Emerging New York based American designer Abigail Stewart draws inspiration from both the weird and the wonderful.
What effect (if any) do you think your childhood has had on the creativity you display as an adult? What are your earliest memories involving fashion?
Ask my family, and I’m sure they’d tell you I’ve always lived on my own planet. It’s in my nature to hang out in a dream reality. I spent early years living in a remote part of Maine, where other kids were scarce, but there was an abundance of woods and snow and ocean and building supplies. I was great at playing by myself. In a place like that, it was setting up forts in a tree, zipping on a snowsuit, paddling around the pond on a wooden float, making up little dramas, painting on the walls. My mom used to order hat-making kits and costume sets that came in the mail. I rocked straw sunhats I made with janky feathers hot-glued around the brim. As an adult, I’m basically the same. Designing requires me to hang out by myself in a dream reality and make up dramas, then produce beautiful clothes around those fantasies. Obviously I still use hot glue and feathers wherever possible.
Have you ever doubted your talent/work? If so, how did you work through it?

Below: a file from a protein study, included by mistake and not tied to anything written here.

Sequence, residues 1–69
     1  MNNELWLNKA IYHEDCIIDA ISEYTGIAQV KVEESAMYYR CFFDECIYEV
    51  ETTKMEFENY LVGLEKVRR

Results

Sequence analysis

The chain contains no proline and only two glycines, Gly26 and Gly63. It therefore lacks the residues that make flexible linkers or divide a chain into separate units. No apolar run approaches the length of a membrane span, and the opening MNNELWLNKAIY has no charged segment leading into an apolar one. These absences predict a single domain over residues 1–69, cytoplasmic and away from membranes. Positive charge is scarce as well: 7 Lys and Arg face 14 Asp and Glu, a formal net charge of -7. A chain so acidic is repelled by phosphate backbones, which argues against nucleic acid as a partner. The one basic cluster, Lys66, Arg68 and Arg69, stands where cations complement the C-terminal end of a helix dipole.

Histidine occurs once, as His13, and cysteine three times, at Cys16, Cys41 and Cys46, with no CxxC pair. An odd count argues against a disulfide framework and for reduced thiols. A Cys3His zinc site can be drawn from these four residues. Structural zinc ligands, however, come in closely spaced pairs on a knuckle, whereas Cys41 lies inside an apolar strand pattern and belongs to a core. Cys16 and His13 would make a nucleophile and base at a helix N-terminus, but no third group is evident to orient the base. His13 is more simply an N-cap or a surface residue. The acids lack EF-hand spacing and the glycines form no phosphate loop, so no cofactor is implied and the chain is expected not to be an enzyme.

You know, my muses are usually rock stars, because they do what I don’t: walk onstage, sing about their feelings, get naked (in some way or all ways) in front of unbelievable numbers of people. I don’t perform, but every time I finish a piece, I’m revealing myself to you, because all the work is personal, or I wouldn’t let it out of the studio. There’s no way to get real in public and not doubt your performance sometimes. I worry about whether I completed my assignment in the most interesting way while also making it functional; I worry about whether it’s as beautiful as possible; about whether I gave the idea enough time to come to life. When I get in that headspace, I’m sometimes smart enough to call my friends or family. Everyone close to me has some speech they give to remind me those thoughts are part of the process.
Who/what is something or someone fabulous that you think is underrated or overlooked?
For the last few years, my favorite author has been China Miéville. China’s a famous sci-fi writer because he’s a genius, so it’s not like he’s overlooked – it’s just that his early, more obscure work is my favorite, and that stuff doesn’t get talked about much. Perdido Street Station ranks in my top 5 of all time. The monster lore in that book is some of the scariest shit I’ve ever read and I will never forget any of the details because the world in that story is different from anything that’s been done before. But the best part for me is his language – it’s so extraordinarily beautiful, I stood in the aisle of St. Mark’s Bookshop in the East Village with my jaw open reading the prologue. He’s the sort of artist that makes me want to kick more ass at what I do. I mean, I’d make that man a handstitched leather space suit with luchador mask and wings if necessary in exchange for a nerd date.